(2) In the Pinan series toe kicks were used in Pinan 2 and 4 (where Japanese styles now do a backfist or tettsui along with a simultaneous side kick). In Pinan 3, where many Japanese styles do a front kick or crescent kick from a horse stance following a backfist, this kick was originally not part of the kata, but instead it was considered an optional technique. Pinan 5 has a crescent kick. In all the kata, however, many techniques include the option of using a toe kick, such as when in a back leaning or cat stance. Also in Pinan 1 or 2 (depending on the style), where the practitioner does a series of steps doing either a middle punch or upper block, toe kicks were also an option. Many of the original movements in the Pinan kata, such as toe kicks, have been changed or modified. The Pinan kata too seem to be modifications of earlier kata. Although Anko Itosu is credited as the creator of this kata, many trace them to an earlier kata, or series of exercises known as Channan. See the article, “Channan: The "Lost" Kata of Itosu?” by Joe Swift in’s Reading Room under the Category “Kata And Applications.” Ernie Estrada, the well known Shorin Ryu stylist and historian, also suggests that Pinan 1 and 2 can be traced to Bushi Matsumura.

(3) Kyokushin is a hard style stressing powerful technique and contact free fighting. In his home Oyama had a small desk and behind it was a bookcase crammed with martial arts books from Japan and some from China. When, at times, I was invited to his home after practice, with his wife and daughters we would sit around a table (round with a warm comforter type cloth that could be draped over your legs and a sunken place for your feet) where we would eat and then discuss many things – technique, karate, history, etc. It should be noted that Oyama’s English was poor and my Japanese worse, so discussion was difficult. He showed me pictures in some of these books and asked what I thought. Some of these thoughts and research, I think, were later seen in his book “Advanced Karate.” In his style, Oyama added circularity to his blocks and adopted low Thai style round kicks to the legs (excellent for freefighting). He also created kata and modified others too (even adding what I see as an aikijujutsu technique to Pinan 2). But while Oyama was thus innovative in his thinking and willing to adopt technique that worked, toe kicks were never discussed or used. During the months that he was working on taking photographs for his book, “This Is Karate,” I spent several evenings a week working with him on the photo sections, and many photos were taken of our choreographed freefighting. In between he would often ask me to attack him this way or that, or we would lightly trade techniques – and while he used many techniques and kicks, I never saw a toe kick.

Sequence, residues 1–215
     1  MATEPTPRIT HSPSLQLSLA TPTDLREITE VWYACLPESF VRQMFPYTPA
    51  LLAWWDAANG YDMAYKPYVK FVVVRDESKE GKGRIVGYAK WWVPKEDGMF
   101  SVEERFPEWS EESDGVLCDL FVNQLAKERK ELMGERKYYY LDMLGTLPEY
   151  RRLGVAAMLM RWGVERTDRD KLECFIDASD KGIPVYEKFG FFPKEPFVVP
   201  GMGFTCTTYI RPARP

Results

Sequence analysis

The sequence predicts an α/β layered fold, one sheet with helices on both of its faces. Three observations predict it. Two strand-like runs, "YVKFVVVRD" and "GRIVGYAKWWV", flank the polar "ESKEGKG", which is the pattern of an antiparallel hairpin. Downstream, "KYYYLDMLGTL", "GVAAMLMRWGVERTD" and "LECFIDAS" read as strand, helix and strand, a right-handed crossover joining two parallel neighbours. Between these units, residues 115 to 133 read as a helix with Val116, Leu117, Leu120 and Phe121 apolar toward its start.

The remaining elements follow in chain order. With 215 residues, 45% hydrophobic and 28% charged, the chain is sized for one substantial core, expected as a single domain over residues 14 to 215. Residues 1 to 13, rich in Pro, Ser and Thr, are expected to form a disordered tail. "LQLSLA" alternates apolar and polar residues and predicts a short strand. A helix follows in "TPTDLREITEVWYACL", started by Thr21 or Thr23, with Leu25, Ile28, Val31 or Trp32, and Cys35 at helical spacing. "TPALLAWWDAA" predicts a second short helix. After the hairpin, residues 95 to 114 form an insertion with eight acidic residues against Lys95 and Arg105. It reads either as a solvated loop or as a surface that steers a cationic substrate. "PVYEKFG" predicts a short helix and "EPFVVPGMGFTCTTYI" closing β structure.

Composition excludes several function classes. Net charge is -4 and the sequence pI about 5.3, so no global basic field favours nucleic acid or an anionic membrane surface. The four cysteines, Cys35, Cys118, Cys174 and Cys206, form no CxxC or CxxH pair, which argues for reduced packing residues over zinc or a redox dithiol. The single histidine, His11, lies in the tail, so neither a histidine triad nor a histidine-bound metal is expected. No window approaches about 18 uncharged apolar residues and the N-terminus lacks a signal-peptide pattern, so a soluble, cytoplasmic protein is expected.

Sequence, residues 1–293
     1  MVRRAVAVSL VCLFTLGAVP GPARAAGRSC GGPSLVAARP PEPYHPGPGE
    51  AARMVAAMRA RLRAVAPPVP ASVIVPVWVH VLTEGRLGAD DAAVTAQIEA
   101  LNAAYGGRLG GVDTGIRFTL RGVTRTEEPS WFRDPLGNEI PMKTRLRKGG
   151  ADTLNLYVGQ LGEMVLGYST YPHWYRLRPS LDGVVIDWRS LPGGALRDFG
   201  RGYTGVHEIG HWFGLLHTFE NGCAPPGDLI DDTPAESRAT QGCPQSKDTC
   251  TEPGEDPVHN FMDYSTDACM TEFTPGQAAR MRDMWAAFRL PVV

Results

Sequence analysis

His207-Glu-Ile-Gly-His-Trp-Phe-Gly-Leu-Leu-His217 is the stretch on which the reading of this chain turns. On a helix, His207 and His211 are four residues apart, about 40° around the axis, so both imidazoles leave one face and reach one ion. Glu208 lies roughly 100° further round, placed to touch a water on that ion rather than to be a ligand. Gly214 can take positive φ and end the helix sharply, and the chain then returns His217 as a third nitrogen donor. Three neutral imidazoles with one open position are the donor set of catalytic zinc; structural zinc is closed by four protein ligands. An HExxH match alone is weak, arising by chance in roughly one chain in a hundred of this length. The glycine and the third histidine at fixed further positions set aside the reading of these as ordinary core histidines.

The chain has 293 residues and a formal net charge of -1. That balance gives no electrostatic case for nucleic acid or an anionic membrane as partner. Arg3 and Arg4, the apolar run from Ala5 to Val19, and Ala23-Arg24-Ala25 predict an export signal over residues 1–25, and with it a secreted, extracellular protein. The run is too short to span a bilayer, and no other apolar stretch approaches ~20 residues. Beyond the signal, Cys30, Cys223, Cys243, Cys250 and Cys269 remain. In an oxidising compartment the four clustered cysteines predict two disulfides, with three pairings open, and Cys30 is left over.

(4) See the article, “Kata As The Foundation Of Practice” by Christopher Caile in Reading Room under the category “Kata And Applications.”

(5) See Kaicho Tadashi Nakamura’s book, “Karate –Technique and Spirit.” On page 82 he shows the toe technique executed on a student. In class, however, the toe kick is not taught.

(6) Japan imposed Japanese as the official language (rather than the previous local language, known to many a Hogan, meaning dialect, but which is more precisely known as Uchinada Guchi). New schools were opened to teach Japanese both as a language and culture. Chinese culture and education which once predominated was now marginalized. At the same time Okinawans were for the most part very poor, most were illiterate, and Okinawa itself was considered by most of the outside world as a marginal entity with few natural resources.

(7) The existence of a southern Shaolin temple is much disputed. Even though many make reference to it, its physical ruins have yet to be located. The name Shaolin, however, was famous from its association with the Northern Shaolin temple (the birthplace of Zen under the Chinese monk Bodhidarma) from which many Chinese martial arts trace their origin. Thus, the attribution of Shaolin (or Shaolin temple) to a style was often used to enhance prestige. One source suggests that the southern Shaolin temple was a central temple in Nansoye, a little to the south of Fuchou, and the term Nansoye Shaolin temple was actually a cover for a secret society who had fled persecution in the North. See: Mark Bishop in his book “Okinawan Karate,” 2nd edition, p39.

(8) Satsunuku Sakugawa (1735-1815) is best known as “Tode” Sakugawa (“to” being an Okinawan term referring to the Tang period, meaning China, and “de” another pronunciation for “te”, a term meaning hand or fighting art, which we now call karate). Sakugawa first studied with Peichin Takahara (1683-1760), who had also studied in China while acting as an official of the Shuri government and mapmaker. In 1756 Sakugawa met and then started studying with a Chinese diplomat Kushan Ku (or Kung Shang Kiung) and learning Chinese kempo. Kushan Ku’s techniques are said to be embodied in one of karate’s oldest and best known kata, Kusanku, or Kanku. It is also said that Matsumura studied with a ship wrecked Chinese sailor from which studies he devised the kata Chinto. Before these masters, there were undoubtedly many others going back several hundred years, but their names have not survived. Some historians suggest that Kusanku actually taught kumiuchi-jutsu, which means fighting or grappling arts. One source suggests that Kusanku introduced the concept of hikite, meaning pulling or drawing hand to Okinawan. See: John Sells, “Unanate –The Secrets of Karate,” 2nd Edition, p. 25.